Data from Phase 1 and previous research in this programme were mapped onto the BCW, and ideas for possible intervention content and BCTs were discussed by the research team. This resulted in the first iteration of the intervention. Intervention materials included a midwife training programme and resources for midwives to support PFME implementation, and a package of resources for women to be given out by midwives during the antenatal booking appointment.
The training programme for midwives included five steps for putting PFME into antenatal clinical practice: 1. Raise the topic of PFME early in pregnancy; 2. Screen for UI at each appointment; 3. Teach PFME at 16 weeks gestation; and throughout pregnancy 4. Prompt/remind women about how to perform PFME and 5. Refresh women’s understanding about PFME and refer on to specialist services if required. Midwives were provided with a training handbook containing session slides, summary leaflets and additional resources about PFME and UI.
Resources for women, co-developed with PPIE advisors, included a bag provided at the antenatal booking appointment. The bag contained a leaflet with information about PFME and how to perform a correct pelvic floor muscle contraction, stickers to use as prompts/reminders for PFME, and an app decision card, with QR code, with details of three high-rated smart phone apps chosen by PPIE advisors to support PFME.
Evaluation scores indicated that midwives participating in the practice training event (n=18) found it useful, with positive ratings for content and delivery. Post-training qualitative feedback noted that midwives recognised the importance of taking the lead regarding PFME, but lack of time, confidence, and skills to raise the issue presented challenges for implementing PFME in practice. Following training, participants reported an increase in total confidence relating to PFME from 2.70 (range 1.18 to 3.50) before training to 3.68 (range 3.37 to 4.00) after training, indicating potential for the training programme to address some of these challenges.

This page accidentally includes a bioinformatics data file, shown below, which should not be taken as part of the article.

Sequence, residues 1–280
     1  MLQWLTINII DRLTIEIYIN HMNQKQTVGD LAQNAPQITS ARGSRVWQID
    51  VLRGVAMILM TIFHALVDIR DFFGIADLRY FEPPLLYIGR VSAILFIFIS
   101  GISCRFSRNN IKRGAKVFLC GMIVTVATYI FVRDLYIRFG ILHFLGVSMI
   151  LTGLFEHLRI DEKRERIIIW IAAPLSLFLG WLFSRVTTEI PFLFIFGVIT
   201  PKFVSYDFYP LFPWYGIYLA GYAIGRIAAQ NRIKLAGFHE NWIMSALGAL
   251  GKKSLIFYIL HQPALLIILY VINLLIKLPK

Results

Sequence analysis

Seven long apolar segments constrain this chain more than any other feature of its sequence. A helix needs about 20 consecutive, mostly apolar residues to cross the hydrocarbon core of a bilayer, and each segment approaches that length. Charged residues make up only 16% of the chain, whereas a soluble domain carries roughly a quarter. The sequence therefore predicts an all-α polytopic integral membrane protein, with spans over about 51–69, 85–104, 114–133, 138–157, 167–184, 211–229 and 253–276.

Practice training event participants raised additional considerations for implementation of PFME, including:
• Time constraints of antenatal appointments
• Information overload for women in this phase of their maternity care
• Concerns regarding continuity of care
• Importance of establishing PFME champions within midwifery teams
• Need for buy-in from senior midwives / clinical managers to support implementation and delivery
Intervention materials and content were modified and refined by the research team and PPIE advisory group in response to feedback from the practice training event, for examples: including anatomy refresher and more detail on muscle training physiology; to package resources for women in a cloth bag big enough to hold a clean nappy. A trainer manual was developed to support fidelity of training delivery. Additional training and resources were developed to support a PFME champion role. Further modifications were made at the onset of the COVID-19 pandemic to enable training delivery via Zoom online virtual platform, and to support midwives to deliver intervention elements via telephone appointments.
Interpretation of results
Despite challenges identified by midwives regarding wider system pressures , past difficulty accessing training, and time constraints within clinic appointments, midwives and women believed that implementing PFME in the antenatal care pathway would be beneficial for large numbers of women. This study aimed to ensure that whatever was asked of women and midwives for implementing PFME was evidence based, with sound theoretical underpinnings and consensus acceptance from experts and lay members of the public. We benefitted from working closely with the PPIE advisors and drew upon known BCTs throughout the four developmental phases to develop a comprehensive understanding of the needs of midwives, women and stakeholders within the current organisational context. The BCW and COM-B helped us to identify how these could be brought together into a training package for midwives and resources for supporting women to address these needs.